What is it? a starting point for making Flash games that handles a lot of the tricky bits for you, like physics and savegames
Price and licence: free, you can sell what you make, no royalties
Makes games for: any web browser with Flash
Tutorial: Making a basic platformer(opens in new tab)
Case Study: Canabalt
Developer: Adam Saltsman
Play it: free, on Adam's site
How long does Flixel take to learn?
This is a really hard question for me to answer objectively - not because of the Great Marketing Potential but more because it's really really hard for me to imagine not knowing how to use it, since it was all built out of my personal tastes, etc. I think if you picked it up and set out to make a like arcade game clone with no prior knowledge you could probably get it up and running in a week or two, without any prior coding experience. To really get flixel singing would take a few more weeks at least, but ultimately there is just not THAT much in it to learn, really.
What prior knowledge or skills are helpful?
The most helpful thing would be C-style programming experience and/or some object-oriented programming experience. Neither are strictly necessary but Flixel is definitely informed by these practices and my experience with them. If you know that stuff then the learning time for Flixel is more like 1 or 2 days.
What can't you do with it?
Making 3D games is more or less out of the question (outside of duplicating the raster math from really old fake 3D arcade games or something). It's not really cut out for some slices of Flash game domain too - there is no built-in support for movie clips, for instance, and doing large levels with zooming camera effects is actually possible now but not really thoroughly intentional in the library's design. Flixel is definitely strongest for games with a relatively fixed perspective and film-strip style art assets.
How long did you think the game would take to make, and how long did it actually take?
Approximately 5 days, and approximately 5 days.
How much of the development time was enjoyable?
It was basically all completely awesome. Mechanically it is such a simple game, there weren't many rabbit holes to go down. The least fun part of the process was a few hours sunk on semi-successfully searching the web for some free sounds to use as fodder for the things I couldn't Foley .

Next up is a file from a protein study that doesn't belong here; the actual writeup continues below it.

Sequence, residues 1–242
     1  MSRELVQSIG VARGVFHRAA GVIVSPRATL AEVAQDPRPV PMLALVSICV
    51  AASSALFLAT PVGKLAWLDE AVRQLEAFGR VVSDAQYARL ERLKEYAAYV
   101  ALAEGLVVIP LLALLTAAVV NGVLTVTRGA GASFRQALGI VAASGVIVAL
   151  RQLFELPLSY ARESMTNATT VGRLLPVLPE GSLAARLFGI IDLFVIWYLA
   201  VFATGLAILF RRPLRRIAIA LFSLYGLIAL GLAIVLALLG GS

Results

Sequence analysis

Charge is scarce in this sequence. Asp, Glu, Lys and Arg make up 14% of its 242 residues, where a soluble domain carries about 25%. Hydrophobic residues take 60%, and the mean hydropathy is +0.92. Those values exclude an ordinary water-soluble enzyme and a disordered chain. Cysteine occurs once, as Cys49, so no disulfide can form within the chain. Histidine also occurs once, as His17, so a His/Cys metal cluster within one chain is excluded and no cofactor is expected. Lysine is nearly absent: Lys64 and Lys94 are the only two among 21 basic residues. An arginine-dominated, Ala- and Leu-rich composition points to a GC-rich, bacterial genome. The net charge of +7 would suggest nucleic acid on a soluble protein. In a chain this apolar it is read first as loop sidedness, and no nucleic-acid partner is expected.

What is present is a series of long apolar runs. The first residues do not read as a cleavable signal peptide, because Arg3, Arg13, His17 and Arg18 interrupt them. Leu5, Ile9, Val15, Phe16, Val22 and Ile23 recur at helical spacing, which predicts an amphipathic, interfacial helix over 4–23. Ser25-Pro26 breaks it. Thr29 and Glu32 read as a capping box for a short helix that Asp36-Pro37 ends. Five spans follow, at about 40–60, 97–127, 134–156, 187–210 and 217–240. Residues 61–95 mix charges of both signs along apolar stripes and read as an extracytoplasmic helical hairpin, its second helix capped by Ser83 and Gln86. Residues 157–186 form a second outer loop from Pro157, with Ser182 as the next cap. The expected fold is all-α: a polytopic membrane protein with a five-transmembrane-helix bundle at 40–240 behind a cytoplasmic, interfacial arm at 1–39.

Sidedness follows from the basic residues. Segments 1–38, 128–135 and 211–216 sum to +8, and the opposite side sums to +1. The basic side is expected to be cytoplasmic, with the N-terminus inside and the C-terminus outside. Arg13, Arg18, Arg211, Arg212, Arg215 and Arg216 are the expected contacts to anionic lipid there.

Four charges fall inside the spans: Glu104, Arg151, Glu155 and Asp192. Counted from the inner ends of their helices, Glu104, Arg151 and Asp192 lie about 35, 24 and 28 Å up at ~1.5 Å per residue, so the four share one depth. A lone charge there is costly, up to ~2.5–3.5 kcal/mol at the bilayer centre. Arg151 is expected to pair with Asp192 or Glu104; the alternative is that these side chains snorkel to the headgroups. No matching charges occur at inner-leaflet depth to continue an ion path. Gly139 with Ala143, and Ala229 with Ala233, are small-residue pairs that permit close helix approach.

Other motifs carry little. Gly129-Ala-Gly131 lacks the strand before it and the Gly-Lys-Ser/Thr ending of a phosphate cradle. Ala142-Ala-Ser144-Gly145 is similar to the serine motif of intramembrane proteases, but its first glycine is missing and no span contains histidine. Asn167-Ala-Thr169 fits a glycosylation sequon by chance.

How much did it cost you to develop, and what did that money go on?
Approximately $200, but that was for a plane ticket to Phoenix to attend a little game jam thing some friends were having. In retrospect, that was super important, but I didn't realize that at the time. Usually I spend a lot of money on sound, but I'd pretty much used up all my war chest for personal games at that point in my life, so I did all the sound engineering myself, and Danny Baranowsky wrote the music for free as a personal favor. Thankfully Canabalt did well enough that I was able to repay him for his contribution!
How well has it done for you financially, on a scale from 1-10?
The Flash version was probably about a 2 or so. The iOS version is I think more like a 7 or 8 maybe. We did an Android Humble Bundle which was practically a 5 on its own. I'm not sure if I'm supposed to add those up or average them or what! I give it a 5.2382 overall score.
If you could give your past self one piece of advice before starting to make the game, what would it be?
That is the one thing I've ever made where I think I would have nothing at all to say. Except maybe "go ahead and pay Danny ahead of time, it will definitely all work out." But then GOD who knows what would have happened? DON'T MEDDLE WITH THE PAST.
Flash games are still one of the most accessible ways for a stranger to go from hearing about your game to playing it, and Flixel is likely the best way to make one. Flash doesn't work on iOS devices, though. It's worth knowing that Unity games can run in a browser with a plugin for Firefox, or natively in Chrome. And Game Maker can make HTML5 games, which run in modern browsers without plugins.